On Jan. 21, another exciting People's World teleconference took place.
In all the words emitted on the occasion of the passing of Nelson Mandela, one thread questions whether anything significant was accomplished with the end of apartheid.
Chileans voted November 17 for president, both houses of Congress and some local offices. To nobody's surprise, the left "New Majority" coalition and the Socialist and Communist parties made significant advances.
The author did not embroider what she saw or heard. The result did tend to make me angry, but not because of prejudice or dishonesty; it was because of the story she told.
Last Saturday, U.S. military operatives carried out raids in Libya and Somalia. Coincidentally, the raids took place one day before the 37th anniversary of a major terrorist act for which the United States has never held anybody accountable.
"Cuba and its Neighbors - Democracy in Motion" enables the reader to broaden his or her understanding of Cuban political life.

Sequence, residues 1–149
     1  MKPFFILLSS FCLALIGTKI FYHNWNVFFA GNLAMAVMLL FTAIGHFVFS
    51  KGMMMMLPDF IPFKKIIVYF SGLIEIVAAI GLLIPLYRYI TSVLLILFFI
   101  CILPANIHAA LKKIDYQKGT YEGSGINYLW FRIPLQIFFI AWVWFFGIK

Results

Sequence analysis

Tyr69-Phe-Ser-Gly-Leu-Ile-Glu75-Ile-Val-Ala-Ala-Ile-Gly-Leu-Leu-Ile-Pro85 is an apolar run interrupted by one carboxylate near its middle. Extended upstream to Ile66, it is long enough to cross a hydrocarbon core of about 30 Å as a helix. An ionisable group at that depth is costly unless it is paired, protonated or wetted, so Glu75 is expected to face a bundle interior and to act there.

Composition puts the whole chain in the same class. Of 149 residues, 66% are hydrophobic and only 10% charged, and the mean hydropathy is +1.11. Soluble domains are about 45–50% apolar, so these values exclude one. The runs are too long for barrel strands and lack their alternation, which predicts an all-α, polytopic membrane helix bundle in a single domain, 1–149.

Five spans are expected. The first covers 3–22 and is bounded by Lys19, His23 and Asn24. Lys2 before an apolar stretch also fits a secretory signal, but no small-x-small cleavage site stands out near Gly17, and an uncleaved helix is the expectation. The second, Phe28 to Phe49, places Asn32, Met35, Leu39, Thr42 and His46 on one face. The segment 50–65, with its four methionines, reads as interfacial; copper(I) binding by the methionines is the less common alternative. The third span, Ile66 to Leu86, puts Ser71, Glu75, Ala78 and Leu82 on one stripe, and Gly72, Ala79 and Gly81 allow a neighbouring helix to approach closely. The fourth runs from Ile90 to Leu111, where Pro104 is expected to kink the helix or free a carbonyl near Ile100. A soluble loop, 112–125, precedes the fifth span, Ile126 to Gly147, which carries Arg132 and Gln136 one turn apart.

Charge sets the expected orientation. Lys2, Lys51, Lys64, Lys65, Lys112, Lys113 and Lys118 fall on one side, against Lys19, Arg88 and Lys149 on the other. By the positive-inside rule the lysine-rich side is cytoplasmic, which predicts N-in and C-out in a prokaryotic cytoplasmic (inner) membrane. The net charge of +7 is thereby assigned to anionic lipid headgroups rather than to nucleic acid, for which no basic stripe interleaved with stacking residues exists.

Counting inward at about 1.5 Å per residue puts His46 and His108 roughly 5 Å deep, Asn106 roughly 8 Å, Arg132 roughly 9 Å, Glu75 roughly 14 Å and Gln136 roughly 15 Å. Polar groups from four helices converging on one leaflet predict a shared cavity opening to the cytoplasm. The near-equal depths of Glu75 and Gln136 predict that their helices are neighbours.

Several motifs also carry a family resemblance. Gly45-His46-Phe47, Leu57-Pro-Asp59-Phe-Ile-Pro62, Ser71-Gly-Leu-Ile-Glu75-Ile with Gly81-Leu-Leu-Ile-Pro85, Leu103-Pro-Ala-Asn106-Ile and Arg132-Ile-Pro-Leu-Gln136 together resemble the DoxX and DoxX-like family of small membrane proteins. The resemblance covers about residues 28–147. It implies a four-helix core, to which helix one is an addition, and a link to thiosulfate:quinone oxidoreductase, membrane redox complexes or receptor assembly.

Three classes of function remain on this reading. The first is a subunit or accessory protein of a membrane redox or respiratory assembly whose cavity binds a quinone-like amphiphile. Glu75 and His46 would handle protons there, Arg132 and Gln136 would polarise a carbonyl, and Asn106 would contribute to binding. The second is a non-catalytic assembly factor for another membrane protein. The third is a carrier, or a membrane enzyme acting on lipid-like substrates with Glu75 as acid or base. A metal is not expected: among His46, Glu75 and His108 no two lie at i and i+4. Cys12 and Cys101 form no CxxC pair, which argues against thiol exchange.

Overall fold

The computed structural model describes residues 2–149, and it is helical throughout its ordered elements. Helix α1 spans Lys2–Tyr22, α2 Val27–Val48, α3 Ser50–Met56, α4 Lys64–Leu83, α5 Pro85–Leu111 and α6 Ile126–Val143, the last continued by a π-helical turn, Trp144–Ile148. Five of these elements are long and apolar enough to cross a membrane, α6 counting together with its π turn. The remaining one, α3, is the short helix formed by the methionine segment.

A coordinator of the symposium stressed the importance of a movement to build communities to help each other in dealing with difficulties facing the elderly people on a daily basis.
The president of Panama is putting on a big show right now. Is it for the benefit of the voters in the 2014 presidential and legislative elections, or is it for the U.S., the historical kingmaker of Panamanian politics?
Forty years after the death of Chilean poet Pablo Neruda, a judge ordered police to find the man that prosecutors allege may have been instrumental in poisoning him.
Raul Castro was elected to his second term as Cuban president February 24, but he said it would be his last.